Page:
Vata dosha, which is made up of the ether and air elements, tends to create irregular digestion and can cause dryness and frenetic energy. Dairy products predominant in the earth and water elements have an inherently grounding and nourishing effect which are beneficial for this dosha.
Cheese and yogurt are best used in moderation for vata. While they are warming and have a sour taste which can help balance this dosha, they are also quite taxing on the digestive system.
Because dairy products require strong agni to digest, it is recommended that vata dosha only consume these products if their digestion is healthy and balanced. In general, fresh and mild cheeses tend to be less aggravating than hard or aged cheese.
Kapha dosha, created by the water and earth elements, governs stability, structure, and the framework of the body. Kapha individuals often have a strong constitution but are prone to lethargy, sluggish digestion, and weight gain.
Dairy consumption is generally not advised for those with a kapha constitution or imbalance, especially in large doses. This is because agni can become very low and have a hard time digesting dairy’s heavy qualities.
Chai Spiced Ghee makes an excellent choice for kapha dosha, thanks to the tridoshic nature of ghee and the extra kick of spices.
Holy Cows and Other Considerations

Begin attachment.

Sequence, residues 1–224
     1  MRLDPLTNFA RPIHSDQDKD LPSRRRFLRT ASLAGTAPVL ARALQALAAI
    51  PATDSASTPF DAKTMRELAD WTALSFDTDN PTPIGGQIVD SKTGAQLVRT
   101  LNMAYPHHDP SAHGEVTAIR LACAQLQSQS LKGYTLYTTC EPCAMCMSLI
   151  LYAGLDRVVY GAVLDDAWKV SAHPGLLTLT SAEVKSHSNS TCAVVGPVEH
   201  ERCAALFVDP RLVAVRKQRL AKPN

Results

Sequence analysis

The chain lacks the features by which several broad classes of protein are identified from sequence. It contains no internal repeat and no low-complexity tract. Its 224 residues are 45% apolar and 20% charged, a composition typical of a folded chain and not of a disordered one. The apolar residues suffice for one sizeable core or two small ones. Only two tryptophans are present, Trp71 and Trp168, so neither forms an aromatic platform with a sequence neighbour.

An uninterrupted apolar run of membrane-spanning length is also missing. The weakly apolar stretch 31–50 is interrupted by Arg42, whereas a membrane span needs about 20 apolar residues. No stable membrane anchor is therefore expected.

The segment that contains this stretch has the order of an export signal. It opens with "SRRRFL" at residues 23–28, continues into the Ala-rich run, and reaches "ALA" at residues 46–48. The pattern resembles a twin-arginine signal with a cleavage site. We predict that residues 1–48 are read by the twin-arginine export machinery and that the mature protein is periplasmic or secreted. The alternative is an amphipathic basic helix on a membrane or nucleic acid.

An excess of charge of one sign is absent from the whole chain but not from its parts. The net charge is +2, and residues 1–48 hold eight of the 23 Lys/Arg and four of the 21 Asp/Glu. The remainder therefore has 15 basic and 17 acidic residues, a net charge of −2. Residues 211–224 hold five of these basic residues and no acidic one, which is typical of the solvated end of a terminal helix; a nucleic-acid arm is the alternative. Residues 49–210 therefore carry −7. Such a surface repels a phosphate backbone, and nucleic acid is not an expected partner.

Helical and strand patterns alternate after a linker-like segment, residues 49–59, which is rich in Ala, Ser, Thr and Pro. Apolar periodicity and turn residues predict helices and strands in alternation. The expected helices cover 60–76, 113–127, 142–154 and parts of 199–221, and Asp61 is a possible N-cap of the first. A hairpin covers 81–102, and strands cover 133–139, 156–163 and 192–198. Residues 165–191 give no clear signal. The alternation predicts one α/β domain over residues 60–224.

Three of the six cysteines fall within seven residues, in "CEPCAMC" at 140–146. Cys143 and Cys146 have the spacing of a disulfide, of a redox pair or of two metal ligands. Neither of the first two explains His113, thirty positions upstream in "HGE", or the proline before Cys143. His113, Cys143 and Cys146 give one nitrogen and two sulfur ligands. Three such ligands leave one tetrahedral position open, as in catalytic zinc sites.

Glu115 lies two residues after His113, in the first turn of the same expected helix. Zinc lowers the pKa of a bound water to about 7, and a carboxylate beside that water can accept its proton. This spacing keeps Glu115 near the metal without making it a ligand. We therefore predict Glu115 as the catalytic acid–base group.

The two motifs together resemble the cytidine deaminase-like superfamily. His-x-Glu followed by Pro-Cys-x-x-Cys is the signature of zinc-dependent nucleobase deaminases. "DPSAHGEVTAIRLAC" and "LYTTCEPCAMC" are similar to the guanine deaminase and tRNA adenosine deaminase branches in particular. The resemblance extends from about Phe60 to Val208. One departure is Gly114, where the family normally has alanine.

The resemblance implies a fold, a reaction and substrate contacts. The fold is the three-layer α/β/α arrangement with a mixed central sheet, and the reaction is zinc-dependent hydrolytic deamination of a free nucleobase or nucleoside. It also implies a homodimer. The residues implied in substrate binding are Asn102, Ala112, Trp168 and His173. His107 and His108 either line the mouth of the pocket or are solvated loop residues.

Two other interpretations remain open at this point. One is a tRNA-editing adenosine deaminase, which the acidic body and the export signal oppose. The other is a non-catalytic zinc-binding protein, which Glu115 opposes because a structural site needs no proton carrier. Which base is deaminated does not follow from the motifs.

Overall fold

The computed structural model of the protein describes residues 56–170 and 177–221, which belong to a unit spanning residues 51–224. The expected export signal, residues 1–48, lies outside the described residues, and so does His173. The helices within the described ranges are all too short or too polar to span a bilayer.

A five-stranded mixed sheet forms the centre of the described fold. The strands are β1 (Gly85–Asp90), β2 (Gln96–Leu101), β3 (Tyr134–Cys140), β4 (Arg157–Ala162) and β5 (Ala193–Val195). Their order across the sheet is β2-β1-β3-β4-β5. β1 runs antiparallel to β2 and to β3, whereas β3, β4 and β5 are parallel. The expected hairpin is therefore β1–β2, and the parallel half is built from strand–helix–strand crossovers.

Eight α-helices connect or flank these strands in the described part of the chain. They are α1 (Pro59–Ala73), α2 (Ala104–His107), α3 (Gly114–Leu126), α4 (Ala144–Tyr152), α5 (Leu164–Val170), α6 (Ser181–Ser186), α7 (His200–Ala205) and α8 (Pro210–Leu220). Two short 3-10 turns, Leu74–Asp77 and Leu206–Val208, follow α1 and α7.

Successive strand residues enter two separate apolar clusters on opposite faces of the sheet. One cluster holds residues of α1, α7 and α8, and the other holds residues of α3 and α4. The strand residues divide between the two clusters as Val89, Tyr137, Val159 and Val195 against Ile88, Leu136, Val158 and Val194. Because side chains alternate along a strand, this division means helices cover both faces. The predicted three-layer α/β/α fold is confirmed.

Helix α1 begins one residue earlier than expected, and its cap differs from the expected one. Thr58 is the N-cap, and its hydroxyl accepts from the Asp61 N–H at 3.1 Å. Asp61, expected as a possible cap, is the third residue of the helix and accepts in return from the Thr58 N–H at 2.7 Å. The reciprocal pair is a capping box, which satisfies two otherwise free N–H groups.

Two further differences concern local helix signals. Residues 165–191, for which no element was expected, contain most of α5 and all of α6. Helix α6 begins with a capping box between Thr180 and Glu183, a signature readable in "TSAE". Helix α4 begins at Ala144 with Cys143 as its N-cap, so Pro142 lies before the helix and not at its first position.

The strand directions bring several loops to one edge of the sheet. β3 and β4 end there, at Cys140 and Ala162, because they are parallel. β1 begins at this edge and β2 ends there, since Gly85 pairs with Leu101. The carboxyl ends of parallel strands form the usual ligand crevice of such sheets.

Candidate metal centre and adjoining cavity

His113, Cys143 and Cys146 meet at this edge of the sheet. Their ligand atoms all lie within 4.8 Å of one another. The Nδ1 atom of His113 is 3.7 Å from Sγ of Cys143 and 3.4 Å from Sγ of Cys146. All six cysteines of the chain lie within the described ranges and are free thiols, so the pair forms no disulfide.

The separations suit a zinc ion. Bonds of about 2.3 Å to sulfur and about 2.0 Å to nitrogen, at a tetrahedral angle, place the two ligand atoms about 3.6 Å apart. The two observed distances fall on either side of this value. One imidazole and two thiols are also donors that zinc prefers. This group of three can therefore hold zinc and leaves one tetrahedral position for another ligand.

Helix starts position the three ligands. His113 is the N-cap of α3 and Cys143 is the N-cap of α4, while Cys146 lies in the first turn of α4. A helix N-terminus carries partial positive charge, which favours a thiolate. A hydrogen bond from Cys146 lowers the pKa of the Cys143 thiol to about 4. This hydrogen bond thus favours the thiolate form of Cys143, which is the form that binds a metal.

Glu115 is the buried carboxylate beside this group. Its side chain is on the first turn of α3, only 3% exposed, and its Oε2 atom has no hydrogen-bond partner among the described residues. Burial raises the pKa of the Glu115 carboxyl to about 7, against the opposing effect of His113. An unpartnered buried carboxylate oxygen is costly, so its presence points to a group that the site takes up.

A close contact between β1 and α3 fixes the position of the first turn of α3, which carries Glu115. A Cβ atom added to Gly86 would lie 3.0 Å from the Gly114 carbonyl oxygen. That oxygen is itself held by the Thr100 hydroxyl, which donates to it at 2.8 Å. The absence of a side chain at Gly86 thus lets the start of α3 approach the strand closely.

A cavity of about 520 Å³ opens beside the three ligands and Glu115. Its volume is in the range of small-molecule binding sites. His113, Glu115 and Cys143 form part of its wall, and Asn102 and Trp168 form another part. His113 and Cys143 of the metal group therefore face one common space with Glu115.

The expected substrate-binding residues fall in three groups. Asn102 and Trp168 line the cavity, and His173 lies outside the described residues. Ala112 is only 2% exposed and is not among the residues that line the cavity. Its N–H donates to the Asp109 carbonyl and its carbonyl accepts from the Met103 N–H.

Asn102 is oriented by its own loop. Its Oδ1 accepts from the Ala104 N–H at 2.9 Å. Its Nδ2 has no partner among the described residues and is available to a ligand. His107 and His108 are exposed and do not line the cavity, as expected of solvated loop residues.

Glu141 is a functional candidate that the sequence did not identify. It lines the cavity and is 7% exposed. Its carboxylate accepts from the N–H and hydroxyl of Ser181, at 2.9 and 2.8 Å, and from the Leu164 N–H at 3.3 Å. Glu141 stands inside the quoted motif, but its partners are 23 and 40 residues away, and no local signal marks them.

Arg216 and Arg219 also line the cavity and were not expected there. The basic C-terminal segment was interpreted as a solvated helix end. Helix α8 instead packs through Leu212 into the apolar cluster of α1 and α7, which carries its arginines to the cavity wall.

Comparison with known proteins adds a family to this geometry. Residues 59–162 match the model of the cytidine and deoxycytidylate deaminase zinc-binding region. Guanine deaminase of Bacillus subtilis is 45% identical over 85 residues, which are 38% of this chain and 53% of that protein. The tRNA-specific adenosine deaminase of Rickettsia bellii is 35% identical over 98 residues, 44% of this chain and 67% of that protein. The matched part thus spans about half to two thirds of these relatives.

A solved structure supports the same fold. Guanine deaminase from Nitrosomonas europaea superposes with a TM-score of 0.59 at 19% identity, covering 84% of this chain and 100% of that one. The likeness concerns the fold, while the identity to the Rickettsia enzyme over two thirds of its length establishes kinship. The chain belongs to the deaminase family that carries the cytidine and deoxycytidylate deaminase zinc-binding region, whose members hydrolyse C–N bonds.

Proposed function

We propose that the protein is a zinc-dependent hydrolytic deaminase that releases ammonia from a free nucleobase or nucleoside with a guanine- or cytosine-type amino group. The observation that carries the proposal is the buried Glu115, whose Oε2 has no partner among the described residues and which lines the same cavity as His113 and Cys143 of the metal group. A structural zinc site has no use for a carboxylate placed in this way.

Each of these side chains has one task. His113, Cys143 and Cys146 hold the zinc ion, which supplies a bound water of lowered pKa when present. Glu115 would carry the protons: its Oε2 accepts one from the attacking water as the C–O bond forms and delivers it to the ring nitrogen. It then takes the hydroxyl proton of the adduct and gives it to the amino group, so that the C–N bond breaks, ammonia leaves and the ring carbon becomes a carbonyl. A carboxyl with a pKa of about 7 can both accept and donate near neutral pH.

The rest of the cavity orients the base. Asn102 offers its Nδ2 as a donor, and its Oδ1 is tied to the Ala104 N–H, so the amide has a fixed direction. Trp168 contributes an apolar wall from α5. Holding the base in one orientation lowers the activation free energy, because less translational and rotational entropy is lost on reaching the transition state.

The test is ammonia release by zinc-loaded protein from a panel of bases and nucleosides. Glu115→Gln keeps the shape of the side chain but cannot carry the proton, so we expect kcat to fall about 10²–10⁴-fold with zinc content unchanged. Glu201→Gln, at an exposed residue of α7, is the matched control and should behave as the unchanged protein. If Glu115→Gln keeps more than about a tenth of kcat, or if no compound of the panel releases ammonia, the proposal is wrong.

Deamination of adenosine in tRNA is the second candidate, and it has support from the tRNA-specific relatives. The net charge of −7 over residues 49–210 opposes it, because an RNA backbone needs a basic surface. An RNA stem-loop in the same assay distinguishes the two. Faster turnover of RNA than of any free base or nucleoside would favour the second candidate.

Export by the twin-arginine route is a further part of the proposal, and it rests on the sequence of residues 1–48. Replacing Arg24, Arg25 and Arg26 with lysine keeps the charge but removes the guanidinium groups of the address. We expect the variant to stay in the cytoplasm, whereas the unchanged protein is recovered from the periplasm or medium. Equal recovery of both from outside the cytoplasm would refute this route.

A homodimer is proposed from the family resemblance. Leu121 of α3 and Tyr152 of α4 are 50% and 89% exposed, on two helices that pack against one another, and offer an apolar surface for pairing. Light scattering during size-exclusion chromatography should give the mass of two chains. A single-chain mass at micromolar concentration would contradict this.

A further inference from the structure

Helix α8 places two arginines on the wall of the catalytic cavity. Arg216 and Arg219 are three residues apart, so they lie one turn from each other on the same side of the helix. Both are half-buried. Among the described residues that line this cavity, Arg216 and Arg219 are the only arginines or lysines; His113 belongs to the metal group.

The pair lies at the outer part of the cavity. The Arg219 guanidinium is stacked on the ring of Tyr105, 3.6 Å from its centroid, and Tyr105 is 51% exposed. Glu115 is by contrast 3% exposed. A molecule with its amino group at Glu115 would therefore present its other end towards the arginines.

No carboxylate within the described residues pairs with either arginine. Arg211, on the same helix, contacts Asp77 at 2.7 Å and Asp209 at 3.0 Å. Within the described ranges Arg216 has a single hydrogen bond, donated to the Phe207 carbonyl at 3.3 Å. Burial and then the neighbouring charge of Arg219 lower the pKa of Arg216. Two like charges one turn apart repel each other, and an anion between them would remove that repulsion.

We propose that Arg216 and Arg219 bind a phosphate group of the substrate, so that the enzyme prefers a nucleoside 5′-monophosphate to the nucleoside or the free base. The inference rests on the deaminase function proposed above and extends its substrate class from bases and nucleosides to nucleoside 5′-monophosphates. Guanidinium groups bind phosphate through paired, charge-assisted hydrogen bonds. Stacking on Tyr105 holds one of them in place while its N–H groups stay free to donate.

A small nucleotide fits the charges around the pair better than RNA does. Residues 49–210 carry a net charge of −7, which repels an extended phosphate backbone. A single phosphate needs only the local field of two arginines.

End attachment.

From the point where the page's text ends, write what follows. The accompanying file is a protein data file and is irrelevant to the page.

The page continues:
It’s important to note that Ayurveda originated in South Asia where it was, and still is, very common to worship cows. This reverential relationship is integral to the history of Ayurveda and dairy is a large part of the culture because the cow is cherished as a symbol of generosity, compassion, and love. This can be seen in the way ghee is used in several aspects of daily life—as food, medicine, skincare, and oil for ghee lamps.
Throughout the history of Ayurveda, various forms of dairy have been consumed. Goat, water buffalo, sheep, and even camel milk are described in the texts of Ayurveda. Though these tend to be consumed less in modern cultures, it speaks to the fact that the qualities of various dairy products change based on the animal from which they are sourced. For example, goat milk and camel milk have very different qualities and can be used for different purposes.
It is also important to note that while dairy is considered beneficial for many, our current modernized practice of producing dairy products varies greatly from historical practices.
Large-scale dairy farms often prioritize quantity over quality, producing dairy products whose properties of taste, energy, and digestive effect differ from Ayurveda’s traditional viewpoint because of the maltreatment of the animals.
If you choose to consume dairy, we suggest sourcing dairy that is produced locally, by a small farm. It is believed by some that milk from cows with A2 molecules may be easier for many to digest and therefore the best milk for gut health.
Is Dairy Right for You?
As you can see, the question of whether or not to consume dairy products is a complex and nuanced question—even from an Ayurvedic perspective. Applying all of the information we discussed above, we recommend developing a relationship with dairy that feels supportive for you.
See how your digestive system feels an hour or two after consuming dairy. If you feel clear, have good energy, and don’t experience gas, bloating, or indigestion, then dairy is likely beneficial for you. If you have a hard time digesting dairy, you may do better with dairy substitues or milk alternatives, of which there are a wide range available.
Dairy can be a medicine or a poison depending on how, when, and in what form it is consumed—we hope you feel empowered to make the choice that is right for you!